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Drexel's collapse may weigh heavily on fate of Milken

With the sudden demise this week of Drexel Burnham Lambert, the last important plot element still to be worked out in this Wall Street drama is the fate of the firm's former junk bond chief, Michael Milken. Indications are that federal prosecutors have become eager, perhaps desperate, to settle the mammoth criminal case pending against Milken. But the collapse of Drexel after a bankruptcy filing by its parent company Tuesday may make Milken less willing to plead guilty and thus be seen to accept blame for a debacle that ruined his old company and threw thousands of former colleagues out of work, people associated with the case said.

Milken, through his creative use of high-yield, high-risk junk bonds, was largely responsible for the huge success that Drexel enjoyed in the 1980s. "If he pleads guilty, he's going to have to bear the mark of the guy who took Drexel down," a lawyer involved in the case said.

Milken denies violating any laws. But complicating his position are family pressures, stemming from the fact that his brother, Lowell, also is under indictment. Any plea agreement presumably would include at least reduced charges against Lowell, and possibly the dropping of charges altogether. And Michael Milken's chances of acquittal in a trial have been damaged by the fact that many of his former close associates at Drexel have agreed to testify against him.

Milken's lawyers and federal prosecutors are keeping the status of negotiations a closely held secret. Until a few weeks ago, the U.S. Attorney's Office in Manhattan was threatening to bring a long-promised new indictment in the case. It would replace the 98-count racketeering and securities fraud indictment pending since last March against Milken, his brother, Lowell, and a former Drexel trader. It would contain additional charges and name more defendants.

Deadlines were set and then pushed back. And now, suddenly, there is eerie silence. The government is still officially committed to bringing a new indictment, but at least outwardly nothing is happening. Prosecutors have stopped predicting to defense attorneys when it will be filed. "It just seems to have drifted off into never-never land," another lawyer in the case said.

Sources say that both sides have held talks about the possibility of Milken pleading guilty to perhaps five felony counts. Thorny issues include the charges against Lowell, the amount of the substantial financial penalty Milken inevitably will have to pay, and whether the government will give up its demand that Milken testify against others. The two sides then retreated to their respective camps to consider each other's proposals.

A spokesman for Milken would not confirm that any talks had been held at all. He also refused to speculate on how the collapse of Drexel might affect the outcome of the criminal case.

The prosecutors also would not comment about developments this week.

But former prosecutors as well as private lawyers associated with the case say there is mounting evidence that the government wants to settle. The strongest indication they point to is that although the government completed preparation for the new indictment at least two months ago, it hasn't been filed. If the government were fully committed to going forward with the case, prosecutors could simply have made a final offer to Milken's lawyers and set a final deadline for filing the new indictment.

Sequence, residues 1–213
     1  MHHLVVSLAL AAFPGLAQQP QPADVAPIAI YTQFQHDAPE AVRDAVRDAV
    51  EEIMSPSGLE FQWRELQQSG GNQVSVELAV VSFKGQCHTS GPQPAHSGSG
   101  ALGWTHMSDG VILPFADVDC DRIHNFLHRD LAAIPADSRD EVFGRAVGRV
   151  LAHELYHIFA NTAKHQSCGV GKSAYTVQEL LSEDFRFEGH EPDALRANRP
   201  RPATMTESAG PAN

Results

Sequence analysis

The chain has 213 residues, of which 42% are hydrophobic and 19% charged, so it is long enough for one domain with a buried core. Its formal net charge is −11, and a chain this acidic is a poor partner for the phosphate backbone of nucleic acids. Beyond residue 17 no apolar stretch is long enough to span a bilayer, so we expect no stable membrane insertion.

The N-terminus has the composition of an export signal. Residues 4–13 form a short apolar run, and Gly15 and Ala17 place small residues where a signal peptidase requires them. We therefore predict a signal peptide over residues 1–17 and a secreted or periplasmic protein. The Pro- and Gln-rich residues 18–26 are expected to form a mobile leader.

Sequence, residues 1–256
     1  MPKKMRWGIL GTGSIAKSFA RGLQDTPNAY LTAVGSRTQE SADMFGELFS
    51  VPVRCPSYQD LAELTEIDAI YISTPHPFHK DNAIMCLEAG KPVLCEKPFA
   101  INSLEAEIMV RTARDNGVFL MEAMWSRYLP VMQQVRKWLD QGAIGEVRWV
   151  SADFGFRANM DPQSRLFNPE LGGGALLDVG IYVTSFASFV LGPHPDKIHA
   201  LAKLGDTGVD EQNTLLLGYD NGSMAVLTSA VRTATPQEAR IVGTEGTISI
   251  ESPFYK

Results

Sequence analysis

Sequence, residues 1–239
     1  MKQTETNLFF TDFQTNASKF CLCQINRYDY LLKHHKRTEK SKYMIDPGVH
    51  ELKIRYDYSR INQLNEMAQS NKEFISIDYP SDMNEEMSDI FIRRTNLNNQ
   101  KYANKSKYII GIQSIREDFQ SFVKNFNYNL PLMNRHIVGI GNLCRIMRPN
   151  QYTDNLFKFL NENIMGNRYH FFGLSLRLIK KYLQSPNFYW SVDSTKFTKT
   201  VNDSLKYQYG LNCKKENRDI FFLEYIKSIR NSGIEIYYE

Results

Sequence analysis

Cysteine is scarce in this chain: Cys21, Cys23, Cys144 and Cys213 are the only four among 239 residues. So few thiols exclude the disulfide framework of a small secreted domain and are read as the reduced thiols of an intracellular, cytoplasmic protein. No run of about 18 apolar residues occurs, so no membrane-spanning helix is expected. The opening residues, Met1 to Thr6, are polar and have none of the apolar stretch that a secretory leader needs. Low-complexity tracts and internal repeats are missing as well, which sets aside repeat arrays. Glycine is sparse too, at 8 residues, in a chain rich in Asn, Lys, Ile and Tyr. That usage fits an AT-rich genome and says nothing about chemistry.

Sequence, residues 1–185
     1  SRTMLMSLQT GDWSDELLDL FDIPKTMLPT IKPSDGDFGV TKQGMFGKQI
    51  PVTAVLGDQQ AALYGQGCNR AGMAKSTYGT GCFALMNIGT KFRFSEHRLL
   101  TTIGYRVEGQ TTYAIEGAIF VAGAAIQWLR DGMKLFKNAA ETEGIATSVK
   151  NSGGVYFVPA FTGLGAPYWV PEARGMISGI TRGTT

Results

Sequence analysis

Former colleagues of the two assistant U.S. attorneys handling the case, John Carroll and Jess Fardella, say there are a variety of reasons for wanting to settle, not the least of which are personal. After doing virtually nothing else for the last three years, the two prosecutors are said to be tired and anxious to bring the case to an end. Former colleagues say Carroll has let it be known for at least a year that he wants to leave the U.S. Attorney's office and go into private practice.

"I just think these guys are ready to move on with their lives," one former prosecutor said. If a new indictment is brought, the pretrial phase of the case could drag on for another year, followed by a trial that would last for months.

In a brief telephone conversation Friday, Carroll said: "I will stay through the conclusion of the case, whether it ends tomorrow or three years from now." He refused to say if he is eager to leave the U.S. Attorney's office. "My personal druthers are irrelevant," he said.

In addition, there are all the usual reasons why prosecutors want to settle cases: An acceptable plea agreement is often a better alternative to a lengthy, costly trial that the government could lose. Legal experts say that even if Milken ultimately is convicted of numerous felony counts his sentence probably wouldn't be much more severe than what he would get if he pleads guilty to just a few felony counts. "He's probably still going to jail for the same amount of time," one lawyer said.

Finally, prosecutors may be concerned that some of the blame for the collapse of Drexel is falling on them. Drexel and Milken were prosecuted on the belief that Milken's junk bond operation had repeatedly violated securities laws by engaging in insider trading, stock market manipulation and securities fraud. But the pro-business Wall Street Journal editorial page, and other critics, have argued that the company was driven out of business by the prosecution.

These critics charge that the government unfairly made use of its RICO weapon _ the Racketeer Influenced and Corrupt Organizations Act _ as a bludgeon to force the company into pleading guilty to lesser counts last year. As a result, these critics argued, Drexel went into an inexorable slide when it lost its good reputation and was subjected to severe penalties without a chance to clear its name in court.